John Sanborn | media artist

John Sanborn is a key member of the second wave of American video artists that included Bill Viola, Gary Hill, Dara Birnbaum and Tony Oursler. Sanborn’s body of work spans the early days of experimental video art in the 1970s through the heyday of MTV music/videos and interactive art to digital media art of today. Vanity Fair called him “the acknowledged genius in the field.”

His work has been shown at every major museum in the world; including the Whitney Museum; MoMA, New York; the Prado, Madrid; the Centre Pompidou, Paris; the Tate Gallery, London; and the Seibu Museum, Tokyo. Electronic Arts Intermix distributes his video art and has since his first project, “The Last Videotapes of Marcel Duchamp. Sanborn’s television programs have been broadcast worldwide, including works with Robert Ashley, Bill T. Jones, John Zorn, Nam June Paik, Philip Glass, Twyla Tharp, Mikhail Baryshnikov, David Gordon, and The Residents.

Sanborn’s recent works are media installations addressing questions of identity, cultural truth, memory, mythologies, and humanity’s compulsion to tell stories.

In the 1970s Sanborn was an artist-in-residence at The Television Laboratory at WNET/13, a groundbreaking electronic sandbox started by the Rockefeller Foundation and Nam June Paik so video artists could create works for broadcast. Sanborn created 5 works as AIR and created works for the VISA series (started by Paik) and showed installations at the Whitney Museum, participating in 2 biennial exhibitions.

In the 1980s Sanborn was an artist-in-residence at the 1980 Winter Olympics as well as one of the first directors with work appearing on MTV (music video with King Crimson). He produced hours of performance-based video for the PBS series “Alive TV” and directed “Perfect Lives”, the seminal opera for television, by composer Robert Ashley.


The 1990s were spent on projects with Hollywood and Silicon Valley, developing interactive movies and some of the first web-based interactive content – as well as series for Comedy Central (“Frank Leaves for the Orient”) and pilots and scripts for Columbia Tri-Star, USA Network, MTV, and the National Lampoon. His video self-portrait "Quirky" was purchased for broadcast on the PBS series "The Independents", hosted by Buck Henry.

In the 2000’s, Sanborn’s feature length works “MMI”, “The Planets”, “PICO (remix)” and “ALLoT (A Long List of Things)” have played at over 150 international film festivals including the Mill Valley Film Festival, the Seattle, London, Victoria, Tribeca, and Sundance Film Festivals.

In 2019/2020 Sanborn received commissions from Jeu de Paume (NONSELF) and the National Museum of Qatar (Alchemy); mounted solo exhibitions at Tokonoma Gallery, Paris (“Postcards from Post America”), and Telematic Gallery. SF (“In Translation”); participated in festivals including Videoformes in Clermont Ferrand and CitySonic in Brussels Belgium and developed “God in 3 Persons” - a live video/theater work in collaboration with the anonymous music group The Residents, which premiered at MoMA NY in January 2020. His live online event “Come Stream with Me” with the California Film Institute in July 2020 attracted a record audience and included an interactive Q&A.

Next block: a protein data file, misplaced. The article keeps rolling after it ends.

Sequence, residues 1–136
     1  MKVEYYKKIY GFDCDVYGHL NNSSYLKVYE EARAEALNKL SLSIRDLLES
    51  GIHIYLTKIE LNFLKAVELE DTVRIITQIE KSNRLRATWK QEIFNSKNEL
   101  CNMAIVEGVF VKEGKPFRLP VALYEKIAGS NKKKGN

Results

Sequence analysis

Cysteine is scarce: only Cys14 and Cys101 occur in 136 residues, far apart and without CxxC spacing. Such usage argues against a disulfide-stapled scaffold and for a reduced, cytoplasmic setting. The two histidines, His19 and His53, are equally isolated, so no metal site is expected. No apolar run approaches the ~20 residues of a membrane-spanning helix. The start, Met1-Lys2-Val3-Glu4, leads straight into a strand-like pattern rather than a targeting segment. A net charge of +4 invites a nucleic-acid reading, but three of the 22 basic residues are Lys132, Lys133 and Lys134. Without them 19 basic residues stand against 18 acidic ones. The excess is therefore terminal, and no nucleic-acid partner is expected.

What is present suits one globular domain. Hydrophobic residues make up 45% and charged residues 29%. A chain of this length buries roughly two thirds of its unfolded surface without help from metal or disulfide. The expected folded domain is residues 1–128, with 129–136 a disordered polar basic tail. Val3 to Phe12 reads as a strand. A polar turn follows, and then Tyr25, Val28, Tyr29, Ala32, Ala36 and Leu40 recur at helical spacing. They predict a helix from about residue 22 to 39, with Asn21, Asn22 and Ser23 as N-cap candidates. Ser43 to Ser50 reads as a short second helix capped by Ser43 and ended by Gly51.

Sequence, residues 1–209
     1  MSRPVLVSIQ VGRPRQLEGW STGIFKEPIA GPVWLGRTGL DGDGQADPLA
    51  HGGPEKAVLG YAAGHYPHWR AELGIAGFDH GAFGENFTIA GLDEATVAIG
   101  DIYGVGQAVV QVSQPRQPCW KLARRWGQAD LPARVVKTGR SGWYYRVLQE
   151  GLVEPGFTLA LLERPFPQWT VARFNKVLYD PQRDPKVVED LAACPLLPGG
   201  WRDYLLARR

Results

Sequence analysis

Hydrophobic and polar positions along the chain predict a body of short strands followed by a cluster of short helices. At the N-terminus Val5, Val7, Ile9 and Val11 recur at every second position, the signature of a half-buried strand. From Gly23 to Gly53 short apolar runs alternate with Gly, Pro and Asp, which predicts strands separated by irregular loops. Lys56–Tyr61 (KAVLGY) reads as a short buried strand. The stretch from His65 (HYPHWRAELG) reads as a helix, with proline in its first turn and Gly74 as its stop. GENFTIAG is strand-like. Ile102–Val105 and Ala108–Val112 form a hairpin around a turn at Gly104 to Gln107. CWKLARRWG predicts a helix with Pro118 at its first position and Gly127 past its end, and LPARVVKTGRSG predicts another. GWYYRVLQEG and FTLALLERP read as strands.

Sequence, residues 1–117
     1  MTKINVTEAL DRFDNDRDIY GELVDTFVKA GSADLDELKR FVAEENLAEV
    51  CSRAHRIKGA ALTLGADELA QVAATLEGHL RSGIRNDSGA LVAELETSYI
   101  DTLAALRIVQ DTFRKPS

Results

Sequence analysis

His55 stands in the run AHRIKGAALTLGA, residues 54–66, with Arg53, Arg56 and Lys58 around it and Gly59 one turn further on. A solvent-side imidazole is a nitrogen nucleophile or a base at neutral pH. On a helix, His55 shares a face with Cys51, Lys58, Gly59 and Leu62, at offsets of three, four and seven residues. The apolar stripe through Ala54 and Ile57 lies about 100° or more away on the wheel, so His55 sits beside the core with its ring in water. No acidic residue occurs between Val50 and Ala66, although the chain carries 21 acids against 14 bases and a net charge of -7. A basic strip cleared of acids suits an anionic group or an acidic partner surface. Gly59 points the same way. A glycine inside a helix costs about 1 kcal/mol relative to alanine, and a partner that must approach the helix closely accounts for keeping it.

“V+M” is a retelling of the story of Venus and Mars, but with non-heteronormative couples. The work investigates the balance of power in relationships, the nature of myth making and the origins of desire. The work premiered at the Videoformes Festival in March 2016, and showed at SF Cameraworks in San Francisco and BACC in Bangkok.


“A Sweeter Music”, a collaboration with pianist Sarah Cahill, is a live performance work with Sarah playing new compositions on the subject of peace – inside a 3 channel video projection for each composition. The work premiered in January of 2009 at Cal Performances, and has played in New York at Merkin Hall, Rothko Chapel, Spoleto USA, Dickinson College and the Mill Valley Film Festival.

"MMI" a short feature film about Sanborn’s adventures in New York in 2001, is focused on death and the redemptive power of family. The work premiered at the Mill Valley Film Festival in 2002 and was reviewed by VARIETY "Avant-garde in form yet poignant, funny and accessible, normally acerbic experimental filmmaker John Sanborn's short feature "MMI" unites the political, the personal and the philosophical in one deft package. Reflection on his tumultuous first post-millennial year -- one that encompassed a cross-continental move, stressful new job, deaths and 9/11 -- is an inventive audio/visual collage that carries real emotional heft." MMI has been selected to screen at over 20 festivals worldwide, including the Tribeca Film Festival (founded by Robert DeNiro) in 2003.

John Sanborn holds an honorary Master of Cinema Arts degree from ESEC, in Paris, and in 2015 was named a Chevalier des Arts et des Lettres by the Minister of Culture of the Republic of France. Sanborn’s YouTube channel has over 20 million views and over 110,000 subscribers. In 2017, the Mill Valley Film Festival honored him with its lifetime achievement award. John Sanborn lives in Berkeley California.

some blasts from the past